SCSQUARED halfBy Sean Watson, San Clemente

Complaints are coming in regularly about homeless activities around the Stater Bros. shopping center, in San Clemente. Within a couple of days, the OCSD sheriff’s blotter showed disturbances, lewdness and aggressive behavior towards shoppers. This struck me as very odd, and I wanted to investigate what was happening. What I found were three fundamentally flawed issues in the center’s urban design. Could this be contributing to the site’s security problem?

  1. The center’s geographical situation.

The center sits in a geographically tough position and does nothing to account for it. Drivers going south down Camino De Los Mares from the freeway will see the 76 gas station, but it wraps around the corner and people basically miss the center that sits back and out of view.

  1. Vacant restaurant next to the 76 station.

From the opposite direction, they have just passed the Ocean View Plaza on the left and Krikorian Premier Theaters on the right and see a vacant building on the right corner, a Stater Bros. sign, a vacant detached restaurant, the 76 gas station, but not the shopping center. The shopping center is essentially invisible to drivers.

  1. The parking lot is a mess.

So now you’ve entered the center’s parking lot. It is full of cars, but it lacks organization and intuition.

The parking stalls are all pointed in the other direction. The stalls on the left are turned the opposite direction also. There are no one-way arrows on the asphalt to guide drivers, and it makes no sense to have a one-way aisle along one of the center’s main entrance arteries. Drivers coming from the opposite direction will find parking stalls tilted in their direction on the right, until rounding the corner, and will find the stalls in front of Stater Bros. turned the other direction.

Effective shopping centers place objects like planters or walkways in their parking lots to create organization. The 76 station entrance also adds to the perception of sprawl and needs organization to delineate between the two.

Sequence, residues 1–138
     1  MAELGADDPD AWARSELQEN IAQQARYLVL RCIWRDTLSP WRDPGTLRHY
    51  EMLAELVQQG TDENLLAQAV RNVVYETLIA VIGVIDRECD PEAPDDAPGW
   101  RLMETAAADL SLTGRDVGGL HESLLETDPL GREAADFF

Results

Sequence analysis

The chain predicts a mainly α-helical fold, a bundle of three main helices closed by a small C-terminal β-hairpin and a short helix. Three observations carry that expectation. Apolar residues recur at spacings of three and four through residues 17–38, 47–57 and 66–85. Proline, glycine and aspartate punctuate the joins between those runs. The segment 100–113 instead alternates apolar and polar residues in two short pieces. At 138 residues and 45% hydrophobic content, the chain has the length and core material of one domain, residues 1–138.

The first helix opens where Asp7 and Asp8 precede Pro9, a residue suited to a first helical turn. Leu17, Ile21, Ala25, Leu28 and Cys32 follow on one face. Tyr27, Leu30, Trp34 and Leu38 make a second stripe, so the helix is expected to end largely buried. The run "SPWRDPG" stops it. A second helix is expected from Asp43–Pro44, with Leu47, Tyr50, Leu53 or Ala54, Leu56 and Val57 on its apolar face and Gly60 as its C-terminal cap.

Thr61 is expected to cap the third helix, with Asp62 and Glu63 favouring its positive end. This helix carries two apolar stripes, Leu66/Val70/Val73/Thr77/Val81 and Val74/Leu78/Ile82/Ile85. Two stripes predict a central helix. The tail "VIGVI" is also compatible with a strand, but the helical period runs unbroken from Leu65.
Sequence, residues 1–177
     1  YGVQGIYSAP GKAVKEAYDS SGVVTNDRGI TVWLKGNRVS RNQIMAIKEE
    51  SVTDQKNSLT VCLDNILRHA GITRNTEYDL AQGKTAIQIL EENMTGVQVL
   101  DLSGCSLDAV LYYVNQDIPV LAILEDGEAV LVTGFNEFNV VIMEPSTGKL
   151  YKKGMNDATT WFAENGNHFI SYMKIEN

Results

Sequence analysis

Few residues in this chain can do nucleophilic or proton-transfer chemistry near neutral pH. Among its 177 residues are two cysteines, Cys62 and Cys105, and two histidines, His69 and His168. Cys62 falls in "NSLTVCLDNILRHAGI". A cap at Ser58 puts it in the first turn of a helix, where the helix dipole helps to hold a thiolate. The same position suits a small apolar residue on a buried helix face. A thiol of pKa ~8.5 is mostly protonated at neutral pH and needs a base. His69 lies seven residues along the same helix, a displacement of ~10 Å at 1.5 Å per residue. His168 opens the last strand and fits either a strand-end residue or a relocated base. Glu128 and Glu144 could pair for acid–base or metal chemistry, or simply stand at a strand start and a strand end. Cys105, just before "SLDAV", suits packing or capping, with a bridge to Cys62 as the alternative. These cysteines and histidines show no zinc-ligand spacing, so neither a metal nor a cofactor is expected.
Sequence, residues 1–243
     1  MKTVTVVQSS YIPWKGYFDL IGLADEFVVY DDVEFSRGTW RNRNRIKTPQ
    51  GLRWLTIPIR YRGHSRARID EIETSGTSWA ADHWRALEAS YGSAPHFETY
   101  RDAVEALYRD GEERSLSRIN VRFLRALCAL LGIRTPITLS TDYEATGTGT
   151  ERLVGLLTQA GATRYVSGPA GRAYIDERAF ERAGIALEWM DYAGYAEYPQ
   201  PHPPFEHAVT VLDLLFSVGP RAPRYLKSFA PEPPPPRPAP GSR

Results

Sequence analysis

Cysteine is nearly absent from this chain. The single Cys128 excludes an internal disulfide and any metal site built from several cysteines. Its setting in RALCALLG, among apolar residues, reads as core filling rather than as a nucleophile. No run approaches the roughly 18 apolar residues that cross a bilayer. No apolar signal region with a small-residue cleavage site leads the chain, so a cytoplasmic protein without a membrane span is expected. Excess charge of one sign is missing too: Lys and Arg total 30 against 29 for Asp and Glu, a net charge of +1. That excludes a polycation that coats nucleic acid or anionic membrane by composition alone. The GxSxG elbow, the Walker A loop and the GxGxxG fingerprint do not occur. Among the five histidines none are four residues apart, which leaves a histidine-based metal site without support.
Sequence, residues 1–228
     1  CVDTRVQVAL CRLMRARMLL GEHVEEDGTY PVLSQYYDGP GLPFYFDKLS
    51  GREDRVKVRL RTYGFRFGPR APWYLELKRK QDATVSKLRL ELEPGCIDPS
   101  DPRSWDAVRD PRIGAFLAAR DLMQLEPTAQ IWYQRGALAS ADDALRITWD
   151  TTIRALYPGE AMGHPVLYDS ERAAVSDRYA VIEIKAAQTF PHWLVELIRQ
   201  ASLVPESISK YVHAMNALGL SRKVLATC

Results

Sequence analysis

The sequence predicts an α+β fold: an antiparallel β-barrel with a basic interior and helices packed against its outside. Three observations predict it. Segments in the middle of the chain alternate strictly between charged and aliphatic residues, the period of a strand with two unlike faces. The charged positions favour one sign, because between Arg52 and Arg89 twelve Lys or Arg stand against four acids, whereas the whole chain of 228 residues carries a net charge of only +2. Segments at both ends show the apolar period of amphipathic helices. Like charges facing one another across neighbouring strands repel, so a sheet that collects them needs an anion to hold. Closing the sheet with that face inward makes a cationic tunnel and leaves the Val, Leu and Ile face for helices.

None of this is desirable.

  1. The center is not inviting.

Units in the shopping center sit under a dark, uninviting overhang. By sitting in close proximity to the parking stalls, shoppers are mainly seeing business signs and are unable to see the inside of businesses at eye level, hindered by shadows too. That is further compounded by uphill entrances to the center with the shops sitting in a trough.

While urban design cannot totally explain the state of a shopping center’s security, it does play a major role in the probability of a retail business’s success. By maintaining a center that is unseen, disorganized and uninviting, the property managers are essentially inviting the consequences that come with it. In this case, it is a high volume of homeless activity and disturbances to shoppers. This in turn will discourage the likelihood of attracting more businesses to the center. The site is in a position to fail.

 

About The Author Staff

comments (0)

Your email address will not be published.

You may use these HTML tags and attributes: <a href="" title=""> <abbr title=""> <acronym title=""> <b> <blockquote cite=""> <cite> <code> <del datetime=""> <em> <i> <q cite=""> <s> <strike> <strong>